If a down and out beggar came up and asked, ‘Can you spare me some change?’, how would you answer? Before you answer, consider your company. Most of us work with beggars and don’t even recognize it.
Everyone gives lip service to wanting to change. Yet most people display attitudes similar to real estate zoning law. NIMBY is the workplace is NIMC, Not In My Cubicle. Their actions say loud and clear, “spare me some change.”
Change is hard because it requires unlearning before new learning. Tiger Woods has changed his swing and coach at least three times and each time it took 6-10 majors to regain his form. Yet at 36, his latest change may move him again to number one.
Tiger sees his marketplace changing just like most businesses. Better technology erases years of competitive advantage and competitors are younger, more agile, and less intimidated by the old market leaders. Can you say Rory McIlroy?
Yet Tiger understands kaizen, continuous improvement. When asked why so many changes, his answer is simply, “To get better.” Given a choice between the status quo of a number one ranking and risk associated with improving, Tiger has always chosen kaizen. No sparing change for him.
One of the best ways to help your team avoid becoming change beggars is to include two measurements in everyone’s performance plan. First ask, “what one change could have the biggest impact on their job and career?” (Ask their colleagues in a 360 review and compare for reality.) Second, ask “what habit, if eliminated, would have the most impact on their job and career.”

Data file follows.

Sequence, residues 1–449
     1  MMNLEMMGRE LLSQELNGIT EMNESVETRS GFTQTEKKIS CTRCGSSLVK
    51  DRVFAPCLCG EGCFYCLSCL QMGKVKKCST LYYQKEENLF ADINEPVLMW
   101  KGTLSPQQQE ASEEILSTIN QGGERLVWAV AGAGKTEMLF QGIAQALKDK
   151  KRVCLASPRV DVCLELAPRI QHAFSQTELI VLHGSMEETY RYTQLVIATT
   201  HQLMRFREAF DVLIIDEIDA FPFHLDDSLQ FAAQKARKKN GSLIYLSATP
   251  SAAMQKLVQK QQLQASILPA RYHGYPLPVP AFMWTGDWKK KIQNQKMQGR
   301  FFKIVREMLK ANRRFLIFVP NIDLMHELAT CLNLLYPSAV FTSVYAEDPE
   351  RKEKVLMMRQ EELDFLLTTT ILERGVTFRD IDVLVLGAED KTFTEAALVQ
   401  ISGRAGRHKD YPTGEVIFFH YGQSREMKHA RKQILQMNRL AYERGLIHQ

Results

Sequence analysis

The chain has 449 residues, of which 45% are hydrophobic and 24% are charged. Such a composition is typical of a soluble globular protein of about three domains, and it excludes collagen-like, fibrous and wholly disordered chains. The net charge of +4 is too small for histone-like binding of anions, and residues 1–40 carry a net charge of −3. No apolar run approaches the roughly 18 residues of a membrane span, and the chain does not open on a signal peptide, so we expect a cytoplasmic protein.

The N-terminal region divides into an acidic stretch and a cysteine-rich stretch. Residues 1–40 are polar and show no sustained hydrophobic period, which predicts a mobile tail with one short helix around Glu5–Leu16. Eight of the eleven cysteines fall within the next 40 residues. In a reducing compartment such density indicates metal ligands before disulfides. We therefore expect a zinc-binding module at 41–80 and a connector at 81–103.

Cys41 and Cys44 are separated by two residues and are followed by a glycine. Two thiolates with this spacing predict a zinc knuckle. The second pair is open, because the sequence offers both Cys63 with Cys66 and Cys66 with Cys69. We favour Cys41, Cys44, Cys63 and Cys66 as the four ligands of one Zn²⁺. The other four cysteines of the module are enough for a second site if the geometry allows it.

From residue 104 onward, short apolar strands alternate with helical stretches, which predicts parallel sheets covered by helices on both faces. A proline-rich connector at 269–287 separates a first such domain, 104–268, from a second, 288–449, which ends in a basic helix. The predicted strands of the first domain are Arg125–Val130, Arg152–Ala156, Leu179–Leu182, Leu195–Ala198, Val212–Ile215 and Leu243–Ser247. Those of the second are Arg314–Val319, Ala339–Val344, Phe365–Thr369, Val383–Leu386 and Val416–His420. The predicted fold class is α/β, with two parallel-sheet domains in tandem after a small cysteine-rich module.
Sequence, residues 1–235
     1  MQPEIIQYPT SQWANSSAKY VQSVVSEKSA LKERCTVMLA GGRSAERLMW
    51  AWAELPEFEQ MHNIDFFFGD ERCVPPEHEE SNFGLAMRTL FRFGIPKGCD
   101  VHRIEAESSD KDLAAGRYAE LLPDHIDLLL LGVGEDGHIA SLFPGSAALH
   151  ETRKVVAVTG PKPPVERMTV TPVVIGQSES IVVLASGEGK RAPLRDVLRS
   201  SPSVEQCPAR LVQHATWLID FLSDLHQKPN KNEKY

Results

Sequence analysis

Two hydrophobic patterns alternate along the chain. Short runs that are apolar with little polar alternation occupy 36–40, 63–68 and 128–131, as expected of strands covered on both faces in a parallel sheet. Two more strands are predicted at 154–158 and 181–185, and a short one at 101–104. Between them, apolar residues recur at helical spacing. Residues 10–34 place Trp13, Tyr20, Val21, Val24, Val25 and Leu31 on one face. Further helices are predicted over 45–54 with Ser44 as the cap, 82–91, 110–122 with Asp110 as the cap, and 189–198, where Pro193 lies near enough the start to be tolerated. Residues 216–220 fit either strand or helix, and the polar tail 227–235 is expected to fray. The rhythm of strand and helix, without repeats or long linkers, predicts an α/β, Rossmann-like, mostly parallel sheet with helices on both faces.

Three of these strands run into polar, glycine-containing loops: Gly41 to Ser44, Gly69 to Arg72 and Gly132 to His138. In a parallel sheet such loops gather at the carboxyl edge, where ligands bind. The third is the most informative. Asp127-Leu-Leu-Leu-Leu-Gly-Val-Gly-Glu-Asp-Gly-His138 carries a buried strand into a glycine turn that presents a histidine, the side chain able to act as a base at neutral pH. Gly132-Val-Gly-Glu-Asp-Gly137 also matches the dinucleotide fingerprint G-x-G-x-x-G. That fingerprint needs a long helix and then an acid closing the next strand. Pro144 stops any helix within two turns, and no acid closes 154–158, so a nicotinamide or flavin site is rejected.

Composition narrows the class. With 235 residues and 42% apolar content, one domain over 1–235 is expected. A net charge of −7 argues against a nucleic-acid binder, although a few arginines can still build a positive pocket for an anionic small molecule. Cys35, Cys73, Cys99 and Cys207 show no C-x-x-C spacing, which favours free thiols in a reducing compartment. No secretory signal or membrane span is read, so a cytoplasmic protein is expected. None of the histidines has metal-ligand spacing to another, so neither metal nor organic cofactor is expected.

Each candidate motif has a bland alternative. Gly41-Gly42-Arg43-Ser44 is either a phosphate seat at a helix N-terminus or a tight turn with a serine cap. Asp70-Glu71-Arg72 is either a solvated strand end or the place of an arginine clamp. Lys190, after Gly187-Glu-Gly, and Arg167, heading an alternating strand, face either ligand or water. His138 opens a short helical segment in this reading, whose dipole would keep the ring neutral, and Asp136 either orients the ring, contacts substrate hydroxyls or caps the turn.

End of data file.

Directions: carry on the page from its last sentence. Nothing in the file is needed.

Once the questions are answered, a change plan has a chance of succeeding. Changing toward something requires changing away from something. Spare time to add new habits is an illusion. Without something to aim for, the pain of dropping a bad habit usually wins. And remember the twenty-one day rule regarding habit formation. I triple the rule for habit abandonment.
So don’t give a beggar some change, teach them how to change. The value to the organization will be priceless!